Sen. Elizabeth Warren, D-Mass., asked the CEOs of large financial institutions point blank whether they think the Consumer Financial Protection Bureau's restriction on forced arbitration clauses should be reversed.
Pointing out that the U.S. Chamber of Commerce, the American Bankers Association and the Financial Services Roundtable have been pressuring Congress to overturn the rule, Warren wrote: "If your lobbyists are taking such strong positions against the rule, is there a reason both you and your bank have been unwilling to take a public position?"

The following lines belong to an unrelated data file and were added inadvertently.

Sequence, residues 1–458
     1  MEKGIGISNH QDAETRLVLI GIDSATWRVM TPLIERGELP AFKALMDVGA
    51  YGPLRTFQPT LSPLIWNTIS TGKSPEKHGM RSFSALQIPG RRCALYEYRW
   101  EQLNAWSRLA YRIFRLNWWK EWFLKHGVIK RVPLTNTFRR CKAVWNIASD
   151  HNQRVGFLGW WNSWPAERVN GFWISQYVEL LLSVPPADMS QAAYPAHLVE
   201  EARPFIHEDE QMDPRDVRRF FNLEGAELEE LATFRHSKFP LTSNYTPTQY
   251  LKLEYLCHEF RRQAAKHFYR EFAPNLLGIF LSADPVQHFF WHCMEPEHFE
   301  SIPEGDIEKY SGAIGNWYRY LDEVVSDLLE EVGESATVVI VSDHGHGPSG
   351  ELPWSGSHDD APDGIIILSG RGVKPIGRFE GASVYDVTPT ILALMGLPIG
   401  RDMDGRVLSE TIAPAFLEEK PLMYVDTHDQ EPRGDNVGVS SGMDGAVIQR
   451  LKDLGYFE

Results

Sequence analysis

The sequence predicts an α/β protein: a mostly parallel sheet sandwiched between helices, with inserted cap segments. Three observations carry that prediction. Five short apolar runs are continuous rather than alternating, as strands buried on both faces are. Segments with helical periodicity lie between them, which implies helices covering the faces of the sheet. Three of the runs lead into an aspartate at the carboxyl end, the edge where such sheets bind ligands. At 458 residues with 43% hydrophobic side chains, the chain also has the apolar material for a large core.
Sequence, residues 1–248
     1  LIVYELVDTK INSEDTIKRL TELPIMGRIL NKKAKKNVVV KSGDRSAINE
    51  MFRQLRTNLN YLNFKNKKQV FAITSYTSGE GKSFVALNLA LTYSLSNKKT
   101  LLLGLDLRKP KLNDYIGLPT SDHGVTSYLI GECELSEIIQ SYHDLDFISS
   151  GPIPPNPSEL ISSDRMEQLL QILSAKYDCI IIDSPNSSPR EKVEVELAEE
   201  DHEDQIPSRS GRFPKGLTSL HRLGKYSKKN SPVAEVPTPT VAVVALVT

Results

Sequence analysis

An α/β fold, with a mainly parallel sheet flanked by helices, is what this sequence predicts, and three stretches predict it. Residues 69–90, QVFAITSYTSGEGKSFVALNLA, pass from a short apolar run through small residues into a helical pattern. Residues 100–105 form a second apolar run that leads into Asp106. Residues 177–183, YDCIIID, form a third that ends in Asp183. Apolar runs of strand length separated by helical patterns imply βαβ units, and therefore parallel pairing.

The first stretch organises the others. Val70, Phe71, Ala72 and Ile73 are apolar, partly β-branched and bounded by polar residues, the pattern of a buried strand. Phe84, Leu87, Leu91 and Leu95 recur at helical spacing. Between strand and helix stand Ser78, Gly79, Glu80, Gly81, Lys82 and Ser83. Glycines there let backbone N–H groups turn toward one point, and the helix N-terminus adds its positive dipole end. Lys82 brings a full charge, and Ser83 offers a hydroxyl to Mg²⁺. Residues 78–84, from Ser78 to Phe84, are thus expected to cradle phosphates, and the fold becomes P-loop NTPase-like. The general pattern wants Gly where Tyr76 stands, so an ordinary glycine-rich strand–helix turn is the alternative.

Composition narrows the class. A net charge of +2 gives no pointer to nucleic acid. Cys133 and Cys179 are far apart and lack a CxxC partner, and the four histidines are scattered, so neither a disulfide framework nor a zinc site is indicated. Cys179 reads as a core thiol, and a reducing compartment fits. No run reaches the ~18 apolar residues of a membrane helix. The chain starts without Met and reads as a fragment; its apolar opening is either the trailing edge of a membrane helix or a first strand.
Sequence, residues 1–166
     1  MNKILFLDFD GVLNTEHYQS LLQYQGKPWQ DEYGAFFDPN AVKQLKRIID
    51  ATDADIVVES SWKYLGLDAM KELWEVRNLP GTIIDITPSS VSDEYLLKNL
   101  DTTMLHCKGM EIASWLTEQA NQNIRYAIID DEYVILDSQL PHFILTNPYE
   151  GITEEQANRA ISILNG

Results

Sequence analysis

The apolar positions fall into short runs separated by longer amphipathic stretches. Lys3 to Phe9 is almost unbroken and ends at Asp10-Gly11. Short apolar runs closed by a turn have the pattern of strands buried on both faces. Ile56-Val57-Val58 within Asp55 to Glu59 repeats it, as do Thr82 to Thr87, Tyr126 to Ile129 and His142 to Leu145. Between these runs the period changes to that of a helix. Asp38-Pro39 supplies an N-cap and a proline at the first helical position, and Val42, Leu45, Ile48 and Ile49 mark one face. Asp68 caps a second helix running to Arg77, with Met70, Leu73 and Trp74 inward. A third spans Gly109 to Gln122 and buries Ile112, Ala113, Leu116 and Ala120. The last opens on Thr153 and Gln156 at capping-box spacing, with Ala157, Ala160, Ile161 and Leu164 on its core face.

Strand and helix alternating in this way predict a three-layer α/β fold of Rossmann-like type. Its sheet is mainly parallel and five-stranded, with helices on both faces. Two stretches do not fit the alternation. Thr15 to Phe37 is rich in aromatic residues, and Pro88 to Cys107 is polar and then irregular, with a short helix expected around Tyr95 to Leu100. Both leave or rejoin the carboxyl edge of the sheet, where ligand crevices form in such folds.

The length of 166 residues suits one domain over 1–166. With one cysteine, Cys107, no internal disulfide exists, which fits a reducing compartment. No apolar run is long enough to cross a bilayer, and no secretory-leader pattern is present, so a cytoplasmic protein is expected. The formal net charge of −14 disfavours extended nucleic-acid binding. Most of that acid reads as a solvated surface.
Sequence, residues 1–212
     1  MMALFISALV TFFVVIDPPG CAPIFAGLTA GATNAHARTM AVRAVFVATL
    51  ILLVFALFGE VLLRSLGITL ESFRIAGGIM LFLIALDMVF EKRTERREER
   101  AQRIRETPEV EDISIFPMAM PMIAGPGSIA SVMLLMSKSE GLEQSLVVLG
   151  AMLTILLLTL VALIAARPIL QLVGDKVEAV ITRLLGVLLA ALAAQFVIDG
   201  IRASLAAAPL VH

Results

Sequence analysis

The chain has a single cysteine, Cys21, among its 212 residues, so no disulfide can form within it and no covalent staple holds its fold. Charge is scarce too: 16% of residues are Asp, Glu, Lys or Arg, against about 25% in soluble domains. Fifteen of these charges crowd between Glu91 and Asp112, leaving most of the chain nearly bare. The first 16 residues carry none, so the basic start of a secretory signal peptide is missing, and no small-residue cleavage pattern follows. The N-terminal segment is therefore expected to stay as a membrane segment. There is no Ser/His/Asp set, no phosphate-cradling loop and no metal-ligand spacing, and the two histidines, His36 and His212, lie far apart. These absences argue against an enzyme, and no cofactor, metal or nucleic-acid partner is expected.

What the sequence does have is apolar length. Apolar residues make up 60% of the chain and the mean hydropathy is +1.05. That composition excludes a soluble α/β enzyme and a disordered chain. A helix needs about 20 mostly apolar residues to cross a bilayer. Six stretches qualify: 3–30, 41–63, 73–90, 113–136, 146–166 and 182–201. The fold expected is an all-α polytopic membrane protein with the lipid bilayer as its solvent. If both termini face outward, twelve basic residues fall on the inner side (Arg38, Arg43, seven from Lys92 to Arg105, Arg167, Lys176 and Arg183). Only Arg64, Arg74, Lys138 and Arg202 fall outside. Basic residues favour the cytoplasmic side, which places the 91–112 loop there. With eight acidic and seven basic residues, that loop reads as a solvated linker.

Her Aug. 10 letter was addressed to the heads of Ally Financial Inc., American Express Co., Bank of America Corp., Barclays US LLC, BB&T Corp., Capital One Financial Corp., Charles Schwab Corp., Citigroup Inc., Citizens Financial Group Inc., HSBC North America Holdings Inc., JPMorgan Chase & Co., PNC Financial Services Group Inc., SunTrust Bank, U.S. Bancorp, TD Group US Holdings LLC and Wells Fargo & Co. It asked for, among other things, data on the companies' use of forced arbitration clauses in contracts covered by the CFPB's rule; statistics on cases initiated under arbitration, customers affected and amounts paid out; and copies of any analysis done regarding the rule's impact on customers or profits.
Warren asked that responses be submitted by Sept. 1